How a 15-gallon soup kettle launched a revolution

Bell’s Beer: How a 15-gallon soup kettle launched a revolution

Before Internet 2.0, consumers were force-fed their marketing on a one-way street. Here it is, come and buy it. As we all know, that changed and now the consumer calls the shots. This was similar to the beer industry in the 1970s. After prohibition, only 300 breweries emerged to renew their brewing. More than 800 breweries died during that dreadful time. Between 1933 and 1982, about 700 breweries were reduced to close to 50. Your choice of brew was very limited.

The beer gods smiled on us in 1982, when six brand-new microbrewers emerged across the country. A small group of beer drinkers wanted better beer and to make it taste perfect, they had to make it themselves. In small batches. In their homes. One such patriot was Kalamazoo College student and former Sarkozy Bakery employee Larry Bell.

A dedicated home brewer, Larry borrowed $200 from his mom and in 1983, opened his homebrew supply store under the name Kalamazoo Brewing Company. For two years, he perfected his brewing, but due to Michigan law, could not legally sell it. Larry lobbied hard to get the laws changed and on September 19, 1985, he could legally sell his beer across the state. His first batch of retail beer was brewed with a 15-gallon soup kettle.

By 1986, he was producing 135 barrels. In 2016, Bell’s is up to 400,000 barrels.

Today there are over 4,500 breweries in the United States. Bell’s is the seventh largest regional brewery.


Laura Bell, Vice President of Marketing and daughter of founder Larry Bell, spoke to Intercom at our September 2016 lunch program. Laura oversees Bell’s Business Insights, Government Compliance, Marketing, Sales and Specialty Brewing departments. She literally grew up in the business, taking her turn at bottling and labeling as a child. At first, business was so good, they couldn’t fulfill their orders. But marketing was needed and Laura was responsible for building this department from the ground up.

The main difference with Bell’s compared to other breweries is the way they connect with their customers. Many Bell’s drinkers become brand ambassadors. It’s not just beer; it’s a lifestyle.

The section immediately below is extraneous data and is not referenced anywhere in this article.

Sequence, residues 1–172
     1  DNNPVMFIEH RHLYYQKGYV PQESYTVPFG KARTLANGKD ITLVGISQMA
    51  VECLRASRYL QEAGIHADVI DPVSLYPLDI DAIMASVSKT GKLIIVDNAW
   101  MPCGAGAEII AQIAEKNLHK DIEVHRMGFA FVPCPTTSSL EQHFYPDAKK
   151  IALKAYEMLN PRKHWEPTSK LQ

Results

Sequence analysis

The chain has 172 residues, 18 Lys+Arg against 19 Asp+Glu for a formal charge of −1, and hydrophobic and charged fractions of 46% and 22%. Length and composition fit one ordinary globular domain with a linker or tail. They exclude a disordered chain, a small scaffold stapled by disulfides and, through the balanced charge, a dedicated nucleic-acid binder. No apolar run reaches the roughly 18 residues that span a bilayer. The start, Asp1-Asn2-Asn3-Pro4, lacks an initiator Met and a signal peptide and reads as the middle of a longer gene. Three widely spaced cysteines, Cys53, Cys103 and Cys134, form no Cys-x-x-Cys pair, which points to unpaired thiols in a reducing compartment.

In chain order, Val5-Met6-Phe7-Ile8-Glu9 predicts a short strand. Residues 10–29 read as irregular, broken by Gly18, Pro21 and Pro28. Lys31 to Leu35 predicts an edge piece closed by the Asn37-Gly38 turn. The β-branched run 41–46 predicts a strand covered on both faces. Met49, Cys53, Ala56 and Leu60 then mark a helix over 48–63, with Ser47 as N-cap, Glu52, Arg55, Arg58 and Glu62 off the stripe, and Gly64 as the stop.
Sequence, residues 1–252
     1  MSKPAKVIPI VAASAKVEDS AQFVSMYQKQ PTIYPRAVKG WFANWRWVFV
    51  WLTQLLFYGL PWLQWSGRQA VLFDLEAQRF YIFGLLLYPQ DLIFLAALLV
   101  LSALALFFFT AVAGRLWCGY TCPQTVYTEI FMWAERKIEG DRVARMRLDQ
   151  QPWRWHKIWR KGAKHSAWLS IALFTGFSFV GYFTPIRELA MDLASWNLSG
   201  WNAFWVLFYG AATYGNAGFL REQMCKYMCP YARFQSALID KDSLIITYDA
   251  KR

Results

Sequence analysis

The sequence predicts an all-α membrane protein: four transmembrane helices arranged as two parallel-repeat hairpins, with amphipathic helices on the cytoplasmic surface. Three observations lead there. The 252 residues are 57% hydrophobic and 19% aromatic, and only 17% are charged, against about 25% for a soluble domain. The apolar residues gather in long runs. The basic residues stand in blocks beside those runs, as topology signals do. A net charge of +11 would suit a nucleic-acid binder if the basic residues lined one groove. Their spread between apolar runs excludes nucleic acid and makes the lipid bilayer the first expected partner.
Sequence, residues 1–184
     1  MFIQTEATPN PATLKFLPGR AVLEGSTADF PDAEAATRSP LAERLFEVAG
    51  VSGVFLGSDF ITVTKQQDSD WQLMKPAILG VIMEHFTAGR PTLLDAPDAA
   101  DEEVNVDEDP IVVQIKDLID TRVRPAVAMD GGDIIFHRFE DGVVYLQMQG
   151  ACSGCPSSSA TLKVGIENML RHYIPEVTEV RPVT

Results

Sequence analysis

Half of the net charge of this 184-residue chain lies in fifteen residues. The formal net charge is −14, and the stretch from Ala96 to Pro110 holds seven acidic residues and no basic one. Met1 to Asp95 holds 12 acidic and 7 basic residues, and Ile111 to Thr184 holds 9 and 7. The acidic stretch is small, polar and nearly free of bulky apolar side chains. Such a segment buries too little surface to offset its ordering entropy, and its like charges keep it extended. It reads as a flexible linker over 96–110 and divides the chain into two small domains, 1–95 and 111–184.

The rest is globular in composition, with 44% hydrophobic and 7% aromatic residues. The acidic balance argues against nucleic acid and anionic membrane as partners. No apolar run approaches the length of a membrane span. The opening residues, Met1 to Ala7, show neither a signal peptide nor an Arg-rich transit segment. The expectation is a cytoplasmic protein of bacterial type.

Bell’s tells their story through three main functions. Inspiration is the first.

Their inspiration for beer comes in many ways. One way is through dreams. Larry Bell thought of “Quinannan Falls Special Lager” while dreaming of waterfalls one night. “He woke up, wrote down the recipe and went back to sleep,” said Laura. “He woke up the next morning, called his brewers and said hey, you’ve got to make this.”
Most of their beers come from non-traditional methods. Most bigger breweries try to create a beer that fits a certain demographic. “What do males, 25-35, with disposable income want to drink and how do we make a product that directly impacts and speaks to them,” Laura commented. Bell’s strategy is 180 degrees from that. If you asked Laura what their target demographic was, she would reply “Everybody that likes beer.” Putting their customers in a box is a limited opportunity.

Besides dreams, inspiration for beer also comes from the arts, literature and most importantly, raw ingredients. Meeting with hops farmers is key to getting the best ingredients they can for their beer. They routinely visit the farms, smell all the hops and pick the ones that best meet the Bell’s standards.


Bell’s makes a strong effort to intentionally engage their customers and meet them where they are. They sponsor numerous events and make sure that actual employees are on hand to answer questions. “Beer is fun,” said Laura, “and people connect with beer.” They get Bell’s tattoos, they proudly display their logo on bumper stickers and clothing. It’s not just beer; it’s a culture. Bell’s marketing has also been limited over the years to direct interaction. They’ve only made one TV commercial, back in the 1990s with ad agency Traver Rhorback and Lawrence Productions.


One of Bell’s mottos is “safety, quality and morale.” They don’t discount their beer simply to make a sale. “We make a great beer and sell it for fair price.” Some buyers in the business believe (falsely) that beer is free. Give them the first batch free and we’ll see how it goes, they think. “We don’t play that game,” Laura said. Integrity demands quality and quality delivers.

This type of integrity follows through to their hiring practices. Their interviews are focused on “cultural fit,” not titles. This month all employees participated in Skills Week. They shut down the brewery and all attended various seminars together. New programs that are developed feature their employees. It’s not just beer; it’s a family. Bell’s is also committed to staying in Kalamazoo. It’s the perfect cultural fit for them.

So, let’s raise a pint to Bell’s and another strong local story that continues to get better with age. Cheers!

By Curtis Cunningham, Vice President of Sales and Marketing at Lawrence Productions and a board member of InterCom.